Crowdfunding is the future

As the FSA flexes its muscles once again, it is inadvertently showing how much muscle it lacks. In fact, the case can be made that thanks to such regulators we have our economic crisis.

The FSA reviewed 181 case files of advice firms and found that in 108 of them ‘the quality of disclosure was unacceptable’ (Citywire April 7th 2012). This is a frightening number. The complete report showed some even more concerning statistics, but the conclusion is simple: the regulator will not spot the problems early enough. It works past the event, when the damage is done and the poor person receiving the advice is left with the consequences.

Is there a better way then? Well one answer is to use Crowdfunding. I can already see the FSA fainting at the mere thought. After all, how are they going to regulate the Crowd?

Fact is, they are probably not and the US (they always seem to see the light before we do) is priming itself for this with the JOBS bill. This basically allows small investors to put money into small companies without the bureaucracy of the SEC interfering.

How does it work? Well, very simply, someone places an idea on a website and seeks to raise money. The Crowd – that is you and me – can choose to invest some money in it or not. This is the way Google, Facebook and all the others got started, except that due to the regulators we were not allowed in. The investment was made by professionals no doubt at a high cost to the entrepreneur, but doubtless they received good support in addition to the funding.

With Crowdfunding we will be able to invest in the next Facebook or Twitter or Microsoft.  We do our own research (due diligence in the parlance of corporate finance) and if enough people like it, then the idea is funded.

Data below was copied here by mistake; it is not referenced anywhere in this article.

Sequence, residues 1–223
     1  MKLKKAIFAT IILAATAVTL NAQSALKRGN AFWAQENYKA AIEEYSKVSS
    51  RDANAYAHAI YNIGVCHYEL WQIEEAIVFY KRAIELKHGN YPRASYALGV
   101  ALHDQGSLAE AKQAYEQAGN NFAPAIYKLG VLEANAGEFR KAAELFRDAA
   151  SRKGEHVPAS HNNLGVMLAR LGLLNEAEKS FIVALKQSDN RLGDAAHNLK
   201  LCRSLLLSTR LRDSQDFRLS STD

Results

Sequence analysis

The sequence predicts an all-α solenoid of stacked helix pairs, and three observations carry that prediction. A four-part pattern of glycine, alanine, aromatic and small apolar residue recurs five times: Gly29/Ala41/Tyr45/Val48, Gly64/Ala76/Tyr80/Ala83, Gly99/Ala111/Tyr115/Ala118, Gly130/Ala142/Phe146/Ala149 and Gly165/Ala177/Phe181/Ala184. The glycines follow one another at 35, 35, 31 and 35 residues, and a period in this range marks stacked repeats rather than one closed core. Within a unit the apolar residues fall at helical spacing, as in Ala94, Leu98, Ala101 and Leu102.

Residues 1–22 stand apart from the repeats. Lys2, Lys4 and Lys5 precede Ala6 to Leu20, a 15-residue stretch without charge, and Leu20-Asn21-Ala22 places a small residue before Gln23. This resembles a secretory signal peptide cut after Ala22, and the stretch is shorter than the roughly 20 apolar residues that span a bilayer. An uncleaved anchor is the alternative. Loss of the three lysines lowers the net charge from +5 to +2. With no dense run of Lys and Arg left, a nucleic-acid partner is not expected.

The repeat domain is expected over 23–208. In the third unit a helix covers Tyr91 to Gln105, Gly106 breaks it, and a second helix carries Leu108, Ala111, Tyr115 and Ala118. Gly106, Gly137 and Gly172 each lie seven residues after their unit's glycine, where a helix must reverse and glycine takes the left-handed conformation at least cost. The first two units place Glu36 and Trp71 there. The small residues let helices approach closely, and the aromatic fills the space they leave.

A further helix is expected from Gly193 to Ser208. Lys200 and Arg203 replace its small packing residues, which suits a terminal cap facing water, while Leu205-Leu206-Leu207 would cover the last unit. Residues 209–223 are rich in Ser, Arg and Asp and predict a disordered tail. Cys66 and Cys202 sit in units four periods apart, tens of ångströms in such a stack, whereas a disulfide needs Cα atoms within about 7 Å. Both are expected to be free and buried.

The whole idea behind crowd funding is based on the collective knowledge of the crowd. If the something is not correct, then the forums surrounding the sites and the ideas will report it. Both the success and failure of the idea is based on its ability to gain traction on Twitter, Facebook, blogs and other social media outlets. It is fantastic.

Against the collective wisdom is the hard work of a group of bureaucrats like the FSA. I am sure they try very hard to find out what lies behind a company, an advisor, a product, etc and they do this by looking at the processes followed. Unfortunately these processes have proven incapable of stopping the biggest economic crises ever when a series of products were launched to fulfil the greed of a small group of people. In fact there was a report in the paper today about some relatively small trader working for JP Morgan gambling on Credit Default Swaps again – remember them? They brought the banks down in 2008.

There were many warnings about that the products being sold to us by banks were doomed well before the crisis reached its peak and the whole mountain of debt came tumbling down. However, many of us were sucked in by the convincing arguments of people qualified with various FSA approvals, so they must have been good?

To finance the growth of Enterprise Britain (and I do not mean this site, but I mean the 4.8 million small and medium size entrepreneurs in this country) crowd funding will be a real stimulus and the FSA has a real opportunity to show its wisdom – by leaving crowd funding the space to develop and grow. And the biggest benefit is, because we are talking about small investments a government bailout is not on the cards.

If you have questions about Crowdfunding, please email me on dirk@enterprisebritain.com.

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